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How to choose technology metrics that matter to your executive team

Different outcomes matter to different stakeholders. Focus on the metrics that directly drive the business outcomes they care the most about.
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When our team began our CIO Hybrid Cloud journey, the benefits and value of migrating to a hybrid cloud platform were clear and straightforward—at least that's what we thought.

We identified four direct benefits that we expected to see:

  • Improved developer productivity
  • Greater infrastructure efficiency
  • Improved regulatory compliance and security
  • Overall business acceleration

But the challenge we faced was how to quantify and translate these benefits into actual business value for our stakeholders. We had many metrics we could use. But we needed to choose the right set of business metrics for our organization.

[ Discover ways enterprise architects can map and implement modern IT strategy with a hybrid cloud strategy. ]

What is value?

Webster's definition of value includes:

"1: the monetary worth of something: 2: a fair return or equivalent in goods, services, or money for something exchanged; 3: relative worth, utility, or importance."

The approach we took to determine the correct value metrics for our organization was to first define value in terms of our organization's objectives and outcomes. Once we had a clear understanding of value across the organization, we could start to determine how to measure our progress in delivering that value.

In our "crawl stage" of delivering our hybrid cloud platform to the organization, we had a simple vision of what value that would bring:

  • Reduced or optimized operating costs
  • Faster and seamless application deployments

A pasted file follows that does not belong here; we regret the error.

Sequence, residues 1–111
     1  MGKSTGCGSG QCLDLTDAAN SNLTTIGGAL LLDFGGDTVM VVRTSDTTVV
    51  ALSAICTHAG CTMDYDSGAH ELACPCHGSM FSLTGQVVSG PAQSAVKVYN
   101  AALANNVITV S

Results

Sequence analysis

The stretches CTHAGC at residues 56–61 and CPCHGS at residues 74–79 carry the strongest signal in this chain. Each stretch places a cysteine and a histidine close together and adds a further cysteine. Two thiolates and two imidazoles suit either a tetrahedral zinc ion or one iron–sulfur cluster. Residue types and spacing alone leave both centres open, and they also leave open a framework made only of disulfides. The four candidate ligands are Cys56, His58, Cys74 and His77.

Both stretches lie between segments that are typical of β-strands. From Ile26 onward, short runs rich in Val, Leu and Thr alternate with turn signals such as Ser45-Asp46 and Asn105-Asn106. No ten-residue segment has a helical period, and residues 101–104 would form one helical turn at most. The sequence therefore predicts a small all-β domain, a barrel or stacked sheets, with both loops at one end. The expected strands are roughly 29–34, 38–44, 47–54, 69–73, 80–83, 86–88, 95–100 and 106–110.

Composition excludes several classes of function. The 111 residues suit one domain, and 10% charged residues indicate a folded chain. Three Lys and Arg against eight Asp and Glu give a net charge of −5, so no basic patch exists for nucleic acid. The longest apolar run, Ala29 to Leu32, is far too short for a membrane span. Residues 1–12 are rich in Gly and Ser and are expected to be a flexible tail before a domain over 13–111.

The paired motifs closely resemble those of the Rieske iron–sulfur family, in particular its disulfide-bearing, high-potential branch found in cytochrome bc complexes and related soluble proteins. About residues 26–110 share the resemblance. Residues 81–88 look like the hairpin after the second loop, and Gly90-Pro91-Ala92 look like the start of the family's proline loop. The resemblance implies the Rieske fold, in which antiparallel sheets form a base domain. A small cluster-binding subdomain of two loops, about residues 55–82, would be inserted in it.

The business outcomes we targeted were to reduce our overall IT cost and reinvest a portion of the savings to fund innovation projects. The metric to track this progress was a relatively straightforward financial measurement: year-to-year cost reduction (percent or actual monetary reduction).

Having quicker and more seamless application deployments would support the business outcome we define as enabling more frequent deployments. We chose the DevOps Research and Assessment (DORA) metric deployment frequency to measure this progress. We tracked this metric and the number of applications migrated to our hybrid cloud environment for a year.

After a year, we showed great progress toward achieving the business outcomes we defined. However, the actual business value we delivered was not apparent to the executive team. What were the underlying factors for the IT cost spending trends? What actual business value did we deliver by increasing deployment frequencies by 20%? The progress we made was important and the result of hard work. How can we articulate this value in broader business outcomes?

We needed to determine the correct metrics that not only drive value but are also aligned directly with key business outcomes defined by the broader organization.

[ Check out Red Hat Portfolio Architecture Center for a wide variety of reference architectures you can use. ]

Outcome-driven metrics and TBM

We needed a way to filter all the various metrics we track and identify those with a direct line of sight back to a key business outcome. We found the answer in outcome-driven metrics (ODM). According to Gartner:

"Outcome-driven metrics are measures of operational and business outcomes that provide a direct line of sight back to the outcomes on which they depend, and with outcomes that are dependent on them."